Pakistan has had many false starts in indigenous manufacturing of Vehicles. In late 70’s Pakistan produced the first indigenous 4×4 vehicles called Nishan based on American Motors Jeep being manufactured by Naya Daur Motors. This was led by the armed forces at the behest of the head of government. The project had a very short life. In 80’s the first local LCV called Proficient based on Suzuki Pick up, was launched, in the 90’s the first local truck Yasoob came and later in the first decade of the century a local car REVO was introduced as well as Zabardast truck and Zabardast 4×4. The LCV and the car plus the Zabardast brand of vehicles, died because of paucity of working capital whilst the truck was killed by the armed forces, who had helped give it birth.
In 2007, the Auto Industry Development Programme (AIDP) was introduced to encourage local assemblers/ vendors / new investors to make medium to long term decisions to develop critical components and acquire technology transfer. AIDP aimed to facilitate the auto industry a safe transition from deletion programmes, not allowed under TRIMS to the Tariff Based System (TBS) environment and also assist in planned expansion of the capacity of OEMs and vendors, achieve competitiveness, encourage technology enhancement, and achieve further localization and possible integration with the global value chain. However, AIDP did not yield desired results due to lack of implementation in letter and spirit. Some of the salient reasons were lack of government funds to meet the programme parameters, as Technology Assistance Funds, HR development funds, machinery funding were not provided. As many as 49 fiscal interventions were made during the period inducing uncertainty. Conditions laid down for new investors in new investor’s policy were not attractive. The suggested tariff rates in the plan were not implemented on one pretext or another.
In 2016, the PML-N government came out with Auto Development Policy 2016-2021 envisaging development plans for the auto sector to facilitate higher volumes, attract investment, ensure a level playing field for competition and offer higher quality in-line with emerging opportunities within the country and in the region.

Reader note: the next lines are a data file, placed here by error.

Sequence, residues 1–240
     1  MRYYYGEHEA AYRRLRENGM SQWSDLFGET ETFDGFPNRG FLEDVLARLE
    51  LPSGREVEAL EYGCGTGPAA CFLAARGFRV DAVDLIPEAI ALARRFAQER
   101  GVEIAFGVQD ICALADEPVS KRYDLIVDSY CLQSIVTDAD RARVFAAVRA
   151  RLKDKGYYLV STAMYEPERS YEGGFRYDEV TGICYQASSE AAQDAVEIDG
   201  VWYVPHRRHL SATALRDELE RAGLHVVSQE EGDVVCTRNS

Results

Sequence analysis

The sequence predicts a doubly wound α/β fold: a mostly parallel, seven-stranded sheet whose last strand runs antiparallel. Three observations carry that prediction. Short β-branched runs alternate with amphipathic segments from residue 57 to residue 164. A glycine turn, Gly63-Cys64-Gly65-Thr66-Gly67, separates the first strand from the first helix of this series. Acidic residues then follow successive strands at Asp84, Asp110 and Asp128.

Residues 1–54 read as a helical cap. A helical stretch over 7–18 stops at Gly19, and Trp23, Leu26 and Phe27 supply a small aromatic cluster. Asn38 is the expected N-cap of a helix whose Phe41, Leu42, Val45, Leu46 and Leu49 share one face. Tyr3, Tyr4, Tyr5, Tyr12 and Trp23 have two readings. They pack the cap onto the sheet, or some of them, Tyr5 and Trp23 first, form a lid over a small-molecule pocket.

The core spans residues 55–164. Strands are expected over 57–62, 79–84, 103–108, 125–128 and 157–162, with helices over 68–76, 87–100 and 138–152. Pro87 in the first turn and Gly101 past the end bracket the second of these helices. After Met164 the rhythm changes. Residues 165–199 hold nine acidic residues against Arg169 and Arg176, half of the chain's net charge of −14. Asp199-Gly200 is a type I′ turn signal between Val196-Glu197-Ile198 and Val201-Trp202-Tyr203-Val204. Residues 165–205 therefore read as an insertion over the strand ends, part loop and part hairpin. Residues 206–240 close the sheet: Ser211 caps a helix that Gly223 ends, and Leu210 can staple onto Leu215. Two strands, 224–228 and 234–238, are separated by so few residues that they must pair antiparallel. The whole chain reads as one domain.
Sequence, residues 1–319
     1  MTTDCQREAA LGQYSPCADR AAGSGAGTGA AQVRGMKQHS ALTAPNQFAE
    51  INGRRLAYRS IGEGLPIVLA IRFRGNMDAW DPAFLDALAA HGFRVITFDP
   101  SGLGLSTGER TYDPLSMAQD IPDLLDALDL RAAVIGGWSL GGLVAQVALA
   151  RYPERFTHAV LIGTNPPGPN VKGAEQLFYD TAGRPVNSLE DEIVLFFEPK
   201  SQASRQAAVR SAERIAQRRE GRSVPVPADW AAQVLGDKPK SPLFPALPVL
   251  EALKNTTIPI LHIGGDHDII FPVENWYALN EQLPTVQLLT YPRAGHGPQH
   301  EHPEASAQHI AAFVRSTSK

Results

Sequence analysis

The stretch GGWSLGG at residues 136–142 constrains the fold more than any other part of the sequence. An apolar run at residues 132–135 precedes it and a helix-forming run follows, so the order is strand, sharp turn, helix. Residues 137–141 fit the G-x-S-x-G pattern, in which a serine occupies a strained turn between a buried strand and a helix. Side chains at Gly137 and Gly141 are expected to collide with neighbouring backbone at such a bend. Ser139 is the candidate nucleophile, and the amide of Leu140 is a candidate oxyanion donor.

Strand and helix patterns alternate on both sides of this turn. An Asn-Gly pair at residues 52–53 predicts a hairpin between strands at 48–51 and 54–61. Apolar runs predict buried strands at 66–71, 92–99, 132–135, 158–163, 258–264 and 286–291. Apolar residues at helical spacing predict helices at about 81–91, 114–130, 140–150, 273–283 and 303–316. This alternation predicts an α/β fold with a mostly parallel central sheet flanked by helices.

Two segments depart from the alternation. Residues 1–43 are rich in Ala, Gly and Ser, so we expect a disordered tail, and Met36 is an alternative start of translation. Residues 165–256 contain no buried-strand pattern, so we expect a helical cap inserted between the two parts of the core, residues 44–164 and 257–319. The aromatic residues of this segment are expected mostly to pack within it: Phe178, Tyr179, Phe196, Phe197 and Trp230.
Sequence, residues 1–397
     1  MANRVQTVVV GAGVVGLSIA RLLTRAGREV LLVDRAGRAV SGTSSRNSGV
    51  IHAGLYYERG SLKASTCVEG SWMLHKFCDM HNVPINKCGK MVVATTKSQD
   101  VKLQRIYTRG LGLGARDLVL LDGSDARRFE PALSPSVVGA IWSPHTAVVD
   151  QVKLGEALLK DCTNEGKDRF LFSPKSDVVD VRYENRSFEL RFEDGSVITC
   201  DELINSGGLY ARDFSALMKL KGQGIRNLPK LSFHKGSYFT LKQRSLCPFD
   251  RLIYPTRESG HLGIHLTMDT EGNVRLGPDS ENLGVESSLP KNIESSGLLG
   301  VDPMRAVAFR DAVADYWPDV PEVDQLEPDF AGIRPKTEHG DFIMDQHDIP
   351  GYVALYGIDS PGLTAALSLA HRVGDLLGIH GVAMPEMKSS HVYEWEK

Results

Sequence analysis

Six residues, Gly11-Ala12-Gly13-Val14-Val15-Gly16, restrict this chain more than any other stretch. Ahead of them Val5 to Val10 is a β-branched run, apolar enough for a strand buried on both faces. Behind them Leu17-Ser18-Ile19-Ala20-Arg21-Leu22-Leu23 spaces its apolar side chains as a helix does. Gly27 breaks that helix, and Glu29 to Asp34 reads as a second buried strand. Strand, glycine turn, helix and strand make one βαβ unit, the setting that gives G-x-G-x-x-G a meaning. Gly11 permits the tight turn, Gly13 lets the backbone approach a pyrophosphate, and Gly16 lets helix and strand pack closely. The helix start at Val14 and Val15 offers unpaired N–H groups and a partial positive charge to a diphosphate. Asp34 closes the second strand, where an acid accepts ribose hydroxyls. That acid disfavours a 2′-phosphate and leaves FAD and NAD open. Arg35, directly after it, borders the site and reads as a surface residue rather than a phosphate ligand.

The policy was discriminatory against the existing OEMs in the country and did not offer anything to auto parts makers. The provision of Funds for Technology Assistance and HR development were also withdrawn. The policy provides consistency and predictability for new investors with a mid-term policy review mechanism to cater to emerging developments to increase production of automotives by 2021.
The Ministry of Science feels that the localization levels in cars and LCVs, motorcycles and tractors are satisfactory at the volumes that they are being produced. In the buses and trucks localization is low because very low volumes are produced. Similarly in case of SUVs the volume is low and thus the localization is low as well.
Because the models of cars change every five years volume are critical to increase localization. With each change in model beside the design, the technology is changed as well, which requires substantial investments of billions of rupees. In tractors and motorcycles as models do not change radically if at all, thus more localization is possible due to higher volumes.
The Ministry said there are not enough Technical Assistance Agreements (TAAs) or Joint Ventures (JVs). There is a need to do much more in auto part making. The technical fees and royalties that we pay are a fraction of what Malaysia, Thailand, Vietnam and India pays. Even that is taxed by provincial and federal tax authorities.
There is no indigenous vehicle manufacturer in Pakistan. Some attempts were made in the past as by Nishan (Late 70s) Proficient (mid 80s), Trans mobile (early 90s) and Adam Motors (mid 90s), but for various reasons could not be sustained.
This exclusive article published in Monthly Automark magazine’s October-2017 printed edition